Impressed by Arjun Deshpande’s novel idea, philanthropist Ratan Tata recently invested an undisclosed amount in the young entrepreneur’s company to scale operations
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Thane-based Arjun Deshpande comes across as a regular teenager who loves playing football and reading books. But what makes this 18-year-old unique is his mission to provide medicines to people at low rates.
“Medicines are a necessity today, and it is terrible that the common man needs to pay exorbitant prices to purchase them. My goal is to eliminate this basic yet fundamental problem by providing certified medicines at affordable rates,” says Arjun, who is the founder of Generic Aadhaar, to The Better India.
The startup purchases generic quality medicines from government-approved manufacturing units and sells at prices that are 80 per cent lower compared to the market. Arjun, who is presently awaiting his Class 12 board results, started the company last year with an investment of Rs 15 lakh from his parents.
Giving an insight into how his company works, Arjun says, “Pharmaceuticals in India put a brand name on generic medicines and sell at high prices. The customers bear the extra cost of branding or marketing. My company sell generic medicines directly to retailers who directly sell it to the end customer under our brand.”
Impressed by Arjun’s novel idea and determination, philanthropist Ratan Tata recently invested a token amount in his company to encourage expansion.
Editor’s Note: Since this article was published, some media agencies have claimed that Ratan Tata invested in 50% of the startup. Please note, as our article always stated, Tata made a minor investment and not 50%.
“It was very encouraging for me when sir, my biggest inspiration, came on board. His belief in my vision has motivated me to work harder and take this model across India.”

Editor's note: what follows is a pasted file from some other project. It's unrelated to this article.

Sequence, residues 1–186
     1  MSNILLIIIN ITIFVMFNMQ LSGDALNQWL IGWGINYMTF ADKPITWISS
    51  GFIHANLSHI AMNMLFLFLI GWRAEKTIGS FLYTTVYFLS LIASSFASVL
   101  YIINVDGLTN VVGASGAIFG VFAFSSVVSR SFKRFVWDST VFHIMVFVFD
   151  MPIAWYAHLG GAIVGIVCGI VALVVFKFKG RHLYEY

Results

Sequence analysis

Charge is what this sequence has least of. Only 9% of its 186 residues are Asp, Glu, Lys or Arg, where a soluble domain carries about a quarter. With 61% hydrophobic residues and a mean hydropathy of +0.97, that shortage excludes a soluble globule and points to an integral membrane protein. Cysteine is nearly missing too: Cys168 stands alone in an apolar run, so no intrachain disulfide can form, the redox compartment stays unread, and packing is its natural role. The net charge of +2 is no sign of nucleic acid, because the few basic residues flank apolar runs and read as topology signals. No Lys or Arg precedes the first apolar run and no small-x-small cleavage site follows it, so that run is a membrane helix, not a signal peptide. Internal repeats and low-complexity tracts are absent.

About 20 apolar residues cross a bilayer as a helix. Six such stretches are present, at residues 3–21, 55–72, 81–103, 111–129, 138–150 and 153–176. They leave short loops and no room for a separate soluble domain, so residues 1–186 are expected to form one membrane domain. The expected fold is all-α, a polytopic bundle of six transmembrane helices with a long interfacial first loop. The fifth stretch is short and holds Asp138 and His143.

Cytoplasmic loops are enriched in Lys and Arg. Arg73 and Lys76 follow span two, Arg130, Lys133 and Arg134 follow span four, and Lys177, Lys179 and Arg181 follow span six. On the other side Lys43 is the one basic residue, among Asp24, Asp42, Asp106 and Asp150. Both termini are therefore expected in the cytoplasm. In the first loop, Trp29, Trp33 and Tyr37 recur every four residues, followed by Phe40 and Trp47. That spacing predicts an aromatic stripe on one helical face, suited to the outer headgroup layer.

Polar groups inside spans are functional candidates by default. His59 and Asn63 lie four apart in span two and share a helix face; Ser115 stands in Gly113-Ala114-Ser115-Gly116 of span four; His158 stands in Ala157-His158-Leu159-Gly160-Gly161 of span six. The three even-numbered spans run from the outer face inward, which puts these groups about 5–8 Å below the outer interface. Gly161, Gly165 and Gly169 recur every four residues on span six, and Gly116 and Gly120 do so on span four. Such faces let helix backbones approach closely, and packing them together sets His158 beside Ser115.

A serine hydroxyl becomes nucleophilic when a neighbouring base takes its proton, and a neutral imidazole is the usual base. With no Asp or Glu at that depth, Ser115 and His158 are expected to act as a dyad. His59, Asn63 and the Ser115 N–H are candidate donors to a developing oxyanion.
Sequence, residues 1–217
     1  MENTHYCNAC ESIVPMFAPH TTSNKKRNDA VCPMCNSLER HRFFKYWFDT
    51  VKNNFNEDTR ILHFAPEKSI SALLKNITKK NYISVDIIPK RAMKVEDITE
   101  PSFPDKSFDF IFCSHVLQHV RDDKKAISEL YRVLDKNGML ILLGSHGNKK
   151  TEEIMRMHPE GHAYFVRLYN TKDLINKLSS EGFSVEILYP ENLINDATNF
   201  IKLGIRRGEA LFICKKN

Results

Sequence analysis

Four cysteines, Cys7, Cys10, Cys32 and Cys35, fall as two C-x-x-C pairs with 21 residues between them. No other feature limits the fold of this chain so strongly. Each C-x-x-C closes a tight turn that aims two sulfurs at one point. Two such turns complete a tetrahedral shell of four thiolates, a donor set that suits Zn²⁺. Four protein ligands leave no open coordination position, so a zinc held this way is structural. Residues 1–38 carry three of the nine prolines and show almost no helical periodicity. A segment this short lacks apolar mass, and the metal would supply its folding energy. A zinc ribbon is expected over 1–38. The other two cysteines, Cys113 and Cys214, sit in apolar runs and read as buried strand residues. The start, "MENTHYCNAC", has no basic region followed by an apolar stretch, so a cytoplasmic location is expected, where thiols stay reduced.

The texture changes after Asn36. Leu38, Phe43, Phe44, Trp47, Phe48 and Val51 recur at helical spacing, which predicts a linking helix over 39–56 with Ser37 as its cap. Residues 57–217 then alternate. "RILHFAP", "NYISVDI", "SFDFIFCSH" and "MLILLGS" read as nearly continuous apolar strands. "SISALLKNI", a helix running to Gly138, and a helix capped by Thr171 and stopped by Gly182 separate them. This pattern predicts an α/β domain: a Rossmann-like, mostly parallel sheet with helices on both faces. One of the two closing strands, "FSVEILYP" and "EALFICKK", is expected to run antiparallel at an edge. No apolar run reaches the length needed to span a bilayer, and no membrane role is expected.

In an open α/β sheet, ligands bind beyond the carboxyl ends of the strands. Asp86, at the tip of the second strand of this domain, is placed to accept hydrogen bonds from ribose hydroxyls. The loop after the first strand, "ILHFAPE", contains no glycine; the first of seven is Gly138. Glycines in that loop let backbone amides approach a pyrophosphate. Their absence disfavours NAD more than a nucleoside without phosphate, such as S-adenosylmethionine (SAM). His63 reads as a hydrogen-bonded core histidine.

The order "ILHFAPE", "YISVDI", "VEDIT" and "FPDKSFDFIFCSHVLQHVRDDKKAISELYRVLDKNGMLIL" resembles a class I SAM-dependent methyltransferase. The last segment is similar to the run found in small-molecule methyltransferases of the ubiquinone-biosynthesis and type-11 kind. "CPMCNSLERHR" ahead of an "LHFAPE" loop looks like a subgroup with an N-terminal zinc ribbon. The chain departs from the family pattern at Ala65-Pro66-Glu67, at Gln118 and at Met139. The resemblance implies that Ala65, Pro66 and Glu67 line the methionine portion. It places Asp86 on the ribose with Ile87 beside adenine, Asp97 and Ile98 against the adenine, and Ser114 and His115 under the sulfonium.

How It All Started
Arjun was all of 14 when the idea of starting a company like Generic Aadhaar struck him.
His mother works in a pharma company, and Arjun had accompanied her to several trade fairs in countries like Vietnam, Dubai, China and the United States. There, he discovered the real picture behind the sale of medicines.
“I learnt so much during these trips. To begin with, I found out that other countries purchased generic medicines from India and sold them at nominal rates. At the same time, Indian companies packaged the medicines under their respective brands only to sell them at higher rates. How is this fair when 60 per cent of people in the country cannot afford medicines? I knew I wanted to do something,” Arjun shares.
He also discovered how single-store chemist owners struggled to keep up with big market malls and the mounting popularity of online pharmacies. “When a chemist shuts, an entire family suffers. I started working on an ecosystem that would benefit all.”
For the next two years, the determined boy engaged himself in in-depth market research, interacted with health experts and learnt how to form a business model along with balancing his studies.
With the initial funding from his parents, Arjun approached WHO and GMP-approved manufacturing facilities and retail stores in Thane and Mumbai.
Being new in the market and considering his age, the initial days were hard. Establishing a strong and trusted network was his first priority. Once he convinced the manufacturers to procure the drugs directly, he physically visited pharmacies in his area. He gradually brought stores under his brand and formally launched the company in April 2019.
Today, Generic Aadhaar has tied up with four manufacturers and has 30 outlets spread across Mumbai, Thane, Bengaluru and Odisha.
As anticipated, the model has turned out to be a win-win for retailers and consumers. “The profit-sharing model has raised revenue of the stores by 20 per cent, and sales have doubled. Meanwhile, customers are paying 80 per cent lesser,” he adds.
“I used to worry whether the quality of generics would be the same as the [branded] medicines I used to buy. The staff here assured me that it was. They asked me to try generic medicines once and see what happens. I did so and realised they had the same effect. Now I only buy generic medicines. My monthly medical bill has come down by 50 per cent as a result,” Ashok Kulkarni, a diabetes patient told Forbes.
By gaining credibility in the market and support from Tata, Arjun is currently working on expanding the company across India and increasing the number of outlets to 200.
(Edited by Gayatri Mishra)